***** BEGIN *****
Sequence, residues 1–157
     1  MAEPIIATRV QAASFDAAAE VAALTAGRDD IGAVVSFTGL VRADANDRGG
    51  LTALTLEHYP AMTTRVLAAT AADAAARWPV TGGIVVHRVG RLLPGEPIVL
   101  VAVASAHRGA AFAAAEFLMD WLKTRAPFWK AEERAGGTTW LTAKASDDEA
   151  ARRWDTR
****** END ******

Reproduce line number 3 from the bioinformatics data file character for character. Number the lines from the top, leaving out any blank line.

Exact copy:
    51  LTALTLEHYP AMTTRVLAAT AADAAARWPV TGGIVVHRVG RLLPGEPIVL